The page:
Admissions vary from year to year and from school to school. The are determined by the MoE in consultation with the advisory boards of the National Council of Higher Education and the Council for Technological Education.

Final selection and acceptance to AEIs and TEIs is determined by: the candidate's score on the entrance exam, the AEI/TEI preference stated in the candidate's application, and the number of places available in each institution. Only one in four of the candidates is admitted.

There is a widespread practice among students preparing for tertiary education national exams to take extra courses in frontisteria (nonformal, private cramming schools). The students spend the last two years of their lyceum studies preparing for the four subjects for the exams at the expense of the rest of the subjects, as well as their school activities and the broader educational purposes of the lyceum. The MoE is thinking of modifying the exams system.

Among foreign students studying in Greek universities in 1993-94 were 2,290 from Cyprus, 3,204 compatriots (students whose parents are Greek and live abroad), and 1,263 other foreign students, for a total of 6,757 students (OECD 1997). A large number of students who fail to enter Greek higher institutions go abroad to study. In 1993-1994 there were 21,230. The majority of them prefer Italy (5,494) and Britain (5,272) (NSSG 2000). The expense for study abroad is a drain in the national budget.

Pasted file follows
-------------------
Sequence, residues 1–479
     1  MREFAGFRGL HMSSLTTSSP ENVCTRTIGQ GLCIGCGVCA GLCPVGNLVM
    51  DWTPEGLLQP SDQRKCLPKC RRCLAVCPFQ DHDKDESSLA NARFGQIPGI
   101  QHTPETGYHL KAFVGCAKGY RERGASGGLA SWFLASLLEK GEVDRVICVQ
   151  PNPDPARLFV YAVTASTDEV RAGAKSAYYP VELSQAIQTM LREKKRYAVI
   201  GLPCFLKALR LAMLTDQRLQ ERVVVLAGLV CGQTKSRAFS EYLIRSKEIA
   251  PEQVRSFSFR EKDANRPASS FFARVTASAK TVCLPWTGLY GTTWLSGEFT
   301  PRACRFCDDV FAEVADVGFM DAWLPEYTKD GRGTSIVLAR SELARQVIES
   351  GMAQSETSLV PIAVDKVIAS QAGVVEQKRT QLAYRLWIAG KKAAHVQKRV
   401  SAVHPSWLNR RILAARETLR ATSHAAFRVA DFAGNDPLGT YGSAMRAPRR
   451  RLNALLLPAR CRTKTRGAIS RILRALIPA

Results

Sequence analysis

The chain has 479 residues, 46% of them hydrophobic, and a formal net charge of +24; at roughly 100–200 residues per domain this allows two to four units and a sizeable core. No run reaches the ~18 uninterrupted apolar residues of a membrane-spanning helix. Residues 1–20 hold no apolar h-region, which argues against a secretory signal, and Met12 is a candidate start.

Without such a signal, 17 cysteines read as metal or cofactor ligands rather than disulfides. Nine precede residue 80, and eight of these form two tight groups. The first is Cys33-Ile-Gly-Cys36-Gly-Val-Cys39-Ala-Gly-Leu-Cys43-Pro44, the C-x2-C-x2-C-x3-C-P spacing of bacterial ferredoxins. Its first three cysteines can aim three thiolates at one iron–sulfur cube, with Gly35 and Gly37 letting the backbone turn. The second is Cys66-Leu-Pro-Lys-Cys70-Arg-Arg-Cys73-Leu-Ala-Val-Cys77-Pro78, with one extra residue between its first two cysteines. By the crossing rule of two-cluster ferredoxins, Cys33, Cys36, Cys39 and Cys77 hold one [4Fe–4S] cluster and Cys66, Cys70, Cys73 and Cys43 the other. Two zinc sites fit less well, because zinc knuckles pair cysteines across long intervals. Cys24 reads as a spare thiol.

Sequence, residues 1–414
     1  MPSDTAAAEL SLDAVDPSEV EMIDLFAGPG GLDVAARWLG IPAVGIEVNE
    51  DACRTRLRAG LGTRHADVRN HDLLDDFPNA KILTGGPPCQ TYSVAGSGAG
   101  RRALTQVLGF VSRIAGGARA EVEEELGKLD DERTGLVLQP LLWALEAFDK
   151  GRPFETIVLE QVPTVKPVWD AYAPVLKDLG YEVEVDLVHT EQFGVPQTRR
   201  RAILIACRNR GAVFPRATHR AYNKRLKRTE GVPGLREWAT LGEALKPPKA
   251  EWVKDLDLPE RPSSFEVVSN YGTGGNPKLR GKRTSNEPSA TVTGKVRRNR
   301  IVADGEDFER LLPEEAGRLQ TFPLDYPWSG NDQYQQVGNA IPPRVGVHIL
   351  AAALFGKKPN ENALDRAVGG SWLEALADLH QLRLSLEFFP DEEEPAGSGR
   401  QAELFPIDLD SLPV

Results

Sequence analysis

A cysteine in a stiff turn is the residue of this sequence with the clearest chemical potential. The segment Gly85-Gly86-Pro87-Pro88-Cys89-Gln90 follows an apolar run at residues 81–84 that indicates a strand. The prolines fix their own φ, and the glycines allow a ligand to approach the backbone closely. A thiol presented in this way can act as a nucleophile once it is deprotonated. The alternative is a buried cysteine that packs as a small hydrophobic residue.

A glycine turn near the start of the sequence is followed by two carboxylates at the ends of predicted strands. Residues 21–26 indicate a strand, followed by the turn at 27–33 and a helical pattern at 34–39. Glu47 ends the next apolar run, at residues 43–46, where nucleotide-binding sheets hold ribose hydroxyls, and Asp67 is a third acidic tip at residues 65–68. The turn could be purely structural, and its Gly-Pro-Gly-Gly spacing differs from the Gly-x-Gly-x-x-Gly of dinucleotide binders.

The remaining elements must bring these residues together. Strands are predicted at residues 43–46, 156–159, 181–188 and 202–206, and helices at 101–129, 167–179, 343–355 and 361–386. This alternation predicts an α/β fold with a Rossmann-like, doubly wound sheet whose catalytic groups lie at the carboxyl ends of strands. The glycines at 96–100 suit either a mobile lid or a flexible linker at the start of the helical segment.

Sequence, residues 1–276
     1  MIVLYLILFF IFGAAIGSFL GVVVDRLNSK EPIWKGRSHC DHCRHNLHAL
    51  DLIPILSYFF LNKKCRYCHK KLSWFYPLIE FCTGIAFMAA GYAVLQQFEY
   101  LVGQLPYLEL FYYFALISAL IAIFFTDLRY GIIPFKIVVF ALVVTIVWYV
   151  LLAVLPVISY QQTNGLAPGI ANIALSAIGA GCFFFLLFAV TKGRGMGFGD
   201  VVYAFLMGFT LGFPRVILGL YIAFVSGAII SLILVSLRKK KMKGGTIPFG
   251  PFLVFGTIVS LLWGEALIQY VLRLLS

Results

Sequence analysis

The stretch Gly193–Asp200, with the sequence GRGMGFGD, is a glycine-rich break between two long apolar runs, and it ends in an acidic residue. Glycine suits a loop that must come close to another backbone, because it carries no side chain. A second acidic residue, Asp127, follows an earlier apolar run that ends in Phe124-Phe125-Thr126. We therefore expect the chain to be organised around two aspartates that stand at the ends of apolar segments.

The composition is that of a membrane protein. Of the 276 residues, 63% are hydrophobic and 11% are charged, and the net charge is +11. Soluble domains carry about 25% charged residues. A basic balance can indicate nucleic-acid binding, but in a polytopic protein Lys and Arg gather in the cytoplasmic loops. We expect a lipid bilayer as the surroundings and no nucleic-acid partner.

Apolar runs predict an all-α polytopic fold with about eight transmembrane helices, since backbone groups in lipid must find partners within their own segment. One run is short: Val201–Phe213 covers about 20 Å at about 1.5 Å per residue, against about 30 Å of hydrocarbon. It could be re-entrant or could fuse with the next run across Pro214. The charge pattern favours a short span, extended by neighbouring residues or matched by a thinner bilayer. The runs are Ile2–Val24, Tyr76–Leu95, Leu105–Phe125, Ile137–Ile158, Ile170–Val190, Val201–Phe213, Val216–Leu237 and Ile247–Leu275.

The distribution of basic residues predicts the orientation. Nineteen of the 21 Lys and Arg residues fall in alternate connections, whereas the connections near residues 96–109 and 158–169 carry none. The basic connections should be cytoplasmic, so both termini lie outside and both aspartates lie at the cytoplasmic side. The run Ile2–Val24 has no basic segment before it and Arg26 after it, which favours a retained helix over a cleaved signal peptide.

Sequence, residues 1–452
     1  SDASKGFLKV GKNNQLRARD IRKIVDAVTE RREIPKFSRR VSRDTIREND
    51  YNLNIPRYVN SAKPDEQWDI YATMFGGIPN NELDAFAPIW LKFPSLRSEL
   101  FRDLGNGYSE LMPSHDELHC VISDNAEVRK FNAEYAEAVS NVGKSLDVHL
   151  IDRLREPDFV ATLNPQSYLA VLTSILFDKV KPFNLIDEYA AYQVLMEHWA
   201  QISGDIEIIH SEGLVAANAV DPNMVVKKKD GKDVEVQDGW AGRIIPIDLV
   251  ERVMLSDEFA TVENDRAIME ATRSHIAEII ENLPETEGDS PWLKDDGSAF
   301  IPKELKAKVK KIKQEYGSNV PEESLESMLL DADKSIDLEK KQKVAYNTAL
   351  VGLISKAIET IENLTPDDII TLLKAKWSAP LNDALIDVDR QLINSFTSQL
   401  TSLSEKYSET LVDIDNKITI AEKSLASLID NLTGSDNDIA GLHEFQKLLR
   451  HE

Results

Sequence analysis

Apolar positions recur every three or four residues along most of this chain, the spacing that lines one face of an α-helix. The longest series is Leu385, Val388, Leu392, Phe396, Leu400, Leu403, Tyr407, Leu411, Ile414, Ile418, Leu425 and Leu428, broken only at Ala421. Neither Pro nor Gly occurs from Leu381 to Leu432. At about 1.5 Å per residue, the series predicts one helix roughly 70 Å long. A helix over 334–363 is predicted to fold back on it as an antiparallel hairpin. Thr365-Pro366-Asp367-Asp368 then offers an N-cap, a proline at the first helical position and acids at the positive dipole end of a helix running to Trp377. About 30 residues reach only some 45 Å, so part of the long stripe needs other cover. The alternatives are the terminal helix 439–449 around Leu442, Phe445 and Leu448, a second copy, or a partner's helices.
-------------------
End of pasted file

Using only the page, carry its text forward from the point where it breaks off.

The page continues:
Since 1988, the European Union has created programs for inter-university co-operation among member countries. The number of Greek students participating in these programs has increased steadily, from 195 students in 48 programs during the academic year 1988-1989 to 1,765 students in 540 programs during 1993-1994 (OECD 1997).

Centres of Liberal Studies (EES): About 30 private organizations called Centres of Liberal Studies (EES) provide postsecondary education; some are affiliated with foreign universities. Under a 1935 law, these organizations operate as commercial enterprises. As such, they fall under the jurisdiction of the Ministry of Commerce rather than the Ministry of Education, an organizational position that causes some skepticism about the quality of the education they provide.

Applying the organizational structure of foreign universities, some EES have set up courses of two, three, and sometimes four years. In these cases the students of EES are also students of the foreign universities. This means that after two or three years of study in Greece, these students may go to the town or city where the university is located, to complete their studies and obtain a degree. Most of the co-operations are with universities in Britain and the United States, but some are with universities of France, Germany, and Switzerland. Since the MoE is not involved in this kind of education, there is no formal recognition of their degrees (OECD 1997).